ST. LOUIS – A St. Louis City official says taxpayers are not getting their money’s worth from the Cure Violence anti-crime program. Alderwoman Pam Boyd (Ward 27) represents parts of Walnut Park, one of the city’s most violent areas.
“I’ve been very vocal about Cure Violence,” she said, adding that the multi-million dollar program hasn’t lived up to its promises.
Cure Violence was supposed to reduce homicides by half. Instead, the number of homicides stayed the same in 2021 and 2022, at around 200.
The Board of Aldermen, then led by Lewis Reed, pushed the plan in 2019, over some reservations by former Mayor Lyda Krewson.
Krewson wanted a go-slow approach to implementing the program and committing funding for it. Reed pushed for the entire program, which the Board of Aldermen adopted, to the tune of $7 million.
Boyd says it has not cut crime in half. “No, it really hasn’t. Not in my community,” she said.
Dr. Fredrick Echols, the city’s former health director and current CEO of Cure Violence Global, addressed Boyd’s criticism.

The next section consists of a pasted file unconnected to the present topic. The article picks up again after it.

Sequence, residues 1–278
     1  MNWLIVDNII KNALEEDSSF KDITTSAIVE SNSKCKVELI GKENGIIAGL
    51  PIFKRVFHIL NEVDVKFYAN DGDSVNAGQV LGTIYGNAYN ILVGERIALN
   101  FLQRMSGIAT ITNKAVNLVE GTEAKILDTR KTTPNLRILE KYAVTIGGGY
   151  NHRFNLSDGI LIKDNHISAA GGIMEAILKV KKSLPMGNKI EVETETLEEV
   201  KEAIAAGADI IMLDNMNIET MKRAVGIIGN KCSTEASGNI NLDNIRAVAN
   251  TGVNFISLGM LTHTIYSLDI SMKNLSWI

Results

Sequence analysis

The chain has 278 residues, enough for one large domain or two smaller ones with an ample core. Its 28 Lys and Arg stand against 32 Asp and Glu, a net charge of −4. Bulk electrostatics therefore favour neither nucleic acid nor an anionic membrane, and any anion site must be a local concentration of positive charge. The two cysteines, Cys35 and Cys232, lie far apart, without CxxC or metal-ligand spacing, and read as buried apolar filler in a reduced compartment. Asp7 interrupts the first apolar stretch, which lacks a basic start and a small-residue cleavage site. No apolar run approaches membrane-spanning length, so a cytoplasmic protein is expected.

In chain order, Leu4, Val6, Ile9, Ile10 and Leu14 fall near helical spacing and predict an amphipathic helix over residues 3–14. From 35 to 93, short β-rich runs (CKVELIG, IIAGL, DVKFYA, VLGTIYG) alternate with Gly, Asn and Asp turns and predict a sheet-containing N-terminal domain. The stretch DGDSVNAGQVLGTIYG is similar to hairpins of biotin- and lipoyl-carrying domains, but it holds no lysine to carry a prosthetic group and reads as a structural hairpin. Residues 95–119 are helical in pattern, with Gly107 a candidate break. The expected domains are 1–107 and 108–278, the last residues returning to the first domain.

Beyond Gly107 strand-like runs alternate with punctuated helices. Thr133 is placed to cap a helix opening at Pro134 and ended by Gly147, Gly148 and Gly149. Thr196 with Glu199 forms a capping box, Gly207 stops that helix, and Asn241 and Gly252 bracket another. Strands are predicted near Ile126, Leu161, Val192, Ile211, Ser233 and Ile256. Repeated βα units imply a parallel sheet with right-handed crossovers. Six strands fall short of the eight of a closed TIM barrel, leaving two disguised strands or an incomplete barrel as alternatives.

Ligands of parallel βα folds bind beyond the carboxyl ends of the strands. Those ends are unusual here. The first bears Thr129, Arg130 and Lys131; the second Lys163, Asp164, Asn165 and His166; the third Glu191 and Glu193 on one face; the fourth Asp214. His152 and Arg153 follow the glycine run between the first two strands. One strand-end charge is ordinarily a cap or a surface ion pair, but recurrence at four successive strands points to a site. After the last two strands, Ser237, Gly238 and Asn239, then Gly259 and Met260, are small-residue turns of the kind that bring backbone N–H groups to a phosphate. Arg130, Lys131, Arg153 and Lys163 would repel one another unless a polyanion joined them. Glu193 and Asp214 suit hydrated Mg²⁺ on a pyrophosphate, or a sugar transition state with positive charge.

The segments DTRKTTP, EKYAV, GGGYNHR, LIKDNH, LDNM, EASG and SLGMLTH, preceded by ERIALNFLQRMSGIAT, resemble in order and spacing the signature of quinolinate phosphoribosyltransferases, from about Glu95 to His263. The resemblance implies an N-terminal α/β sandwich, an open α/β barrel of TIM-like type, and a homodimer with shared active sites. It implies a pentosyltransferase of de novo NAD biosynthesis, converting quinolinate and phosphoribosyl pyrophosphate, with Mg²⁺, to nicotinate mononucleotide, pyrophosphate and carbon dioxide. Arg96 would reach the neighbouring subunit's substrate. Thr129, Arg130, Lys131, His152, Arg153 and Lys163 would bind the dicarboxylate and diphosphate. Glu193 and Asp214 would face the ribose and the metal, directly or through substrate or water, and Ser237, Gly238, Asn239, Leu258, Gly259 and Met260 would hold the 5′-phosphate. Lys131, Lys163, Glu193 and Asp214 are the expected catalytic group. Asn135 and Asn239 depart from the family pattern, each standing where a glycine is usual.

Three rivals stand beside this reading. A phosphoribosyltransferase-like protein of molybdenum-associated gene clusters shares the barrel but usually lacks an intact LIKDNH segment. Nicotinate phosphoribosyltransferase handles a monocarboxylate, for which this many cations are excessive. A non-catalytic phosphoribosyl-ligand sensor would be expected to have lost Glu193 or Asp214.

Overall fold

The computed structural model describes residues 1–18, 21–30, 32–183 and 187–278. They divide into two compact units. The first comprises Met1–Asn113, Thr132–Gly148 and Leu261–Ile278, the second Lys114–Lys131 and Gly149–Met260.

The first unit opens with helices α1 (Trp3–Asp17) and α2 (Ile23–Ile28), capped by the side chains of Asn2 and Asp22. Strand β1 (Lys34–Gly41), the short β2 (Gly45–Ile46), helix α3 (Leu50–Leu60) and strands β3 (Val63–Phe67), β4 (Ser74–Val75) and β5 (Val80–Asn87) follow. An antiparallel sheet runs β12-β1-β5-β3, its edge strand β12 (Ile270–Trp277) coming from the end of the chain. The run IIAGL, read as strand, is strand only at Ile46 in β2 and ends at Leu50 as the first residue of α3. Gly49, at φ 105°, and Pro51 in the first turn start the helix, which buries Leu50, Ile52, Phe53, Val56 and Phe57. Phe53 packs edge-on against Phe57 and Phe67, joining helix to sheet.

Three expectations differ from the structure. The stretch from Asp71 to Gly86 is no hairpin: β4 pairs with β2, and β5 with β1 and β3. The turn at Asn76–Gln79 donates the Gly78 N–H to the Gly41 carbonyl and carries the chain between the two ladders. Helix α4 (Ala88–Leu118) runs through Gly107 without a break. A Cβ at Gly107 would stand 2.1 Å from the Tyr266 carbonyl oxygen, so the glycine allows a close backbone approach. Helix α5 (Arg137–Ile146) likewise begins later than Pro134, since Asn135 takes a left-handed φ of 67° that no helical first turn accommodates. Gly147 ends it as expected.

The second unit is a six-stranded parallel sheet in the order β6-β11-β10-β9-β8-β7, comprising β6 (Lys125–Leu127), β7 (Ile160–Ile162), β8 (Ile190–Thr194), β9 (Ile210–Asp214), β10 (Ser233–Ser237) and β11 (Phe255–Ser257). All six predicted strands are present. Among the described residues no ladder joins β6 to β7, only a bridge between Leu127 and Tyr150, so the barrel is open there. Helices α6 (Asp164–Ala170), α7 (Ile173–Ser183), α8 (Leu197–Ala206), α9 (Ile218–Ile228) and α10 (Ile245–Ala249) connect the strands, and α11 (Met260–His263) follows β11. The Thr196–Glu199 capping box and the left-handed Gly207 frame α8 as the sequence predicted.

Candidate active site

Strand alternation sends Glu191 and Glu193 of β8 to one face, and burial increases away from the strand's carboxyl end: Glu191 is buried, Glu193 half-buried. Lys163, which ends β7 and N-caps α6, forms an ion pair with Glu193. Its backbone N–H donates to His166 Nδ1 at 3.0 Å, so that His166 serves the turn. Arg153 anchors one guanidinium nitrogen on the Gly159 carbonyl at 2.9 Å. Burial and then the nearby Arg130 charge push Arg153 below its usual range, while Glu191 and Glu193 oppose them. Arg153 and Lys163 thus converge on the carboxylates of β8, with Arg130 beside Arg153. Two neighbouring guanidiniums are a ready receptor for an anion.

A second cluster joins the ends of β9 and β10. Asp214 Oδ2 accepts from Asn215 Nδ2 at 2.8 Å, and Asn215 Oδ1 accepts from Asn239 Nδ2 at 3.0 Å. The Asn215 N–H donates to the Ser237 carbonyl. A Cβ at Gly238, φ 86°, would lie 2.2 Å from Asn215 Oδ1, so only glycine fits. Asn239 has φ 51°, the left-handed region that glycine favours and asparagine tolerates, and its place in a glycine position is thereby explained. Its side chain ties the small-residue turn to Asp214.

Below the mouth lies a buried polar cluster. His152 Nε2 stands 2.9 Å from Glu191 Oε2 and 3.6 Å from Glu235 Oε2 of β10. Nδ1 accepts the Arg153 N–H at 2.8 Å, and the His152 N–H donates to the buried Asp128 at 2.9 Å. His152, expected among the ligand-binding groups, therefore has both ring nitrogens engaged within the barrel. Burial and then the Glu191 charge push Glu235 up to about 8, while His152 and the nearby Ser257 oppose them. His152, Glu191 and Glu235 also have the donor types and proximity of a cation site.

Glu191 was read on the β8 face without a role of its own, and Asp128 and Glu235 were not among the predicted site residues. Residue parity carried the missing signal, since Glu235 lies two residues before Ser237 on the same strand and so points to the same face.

“It all depends on how involved they are with the program, and so, for individuals who are on the outskirts of the program, and individuals who have no idea what’s happening in the community, that can speculate,” he said. “Sometimes, based on my experience, there’s misinformation provided, and a lot of activity that typically happens within these programs that laypersons, or sometimes even elected officials, aren’t aware of.”
Echols says Cure Violence is working well in the three areas that it’s operating in, between 2019 and 2021. He says in those areas, it’s cut crime at least 46%.
Echols doesn’t know how much crime was cut—if at all—in those areas in 2022. He has yet to receive that data from the city.
At present, St. Louis has not renewed its contract for the program. Skeptics think the city should try something else.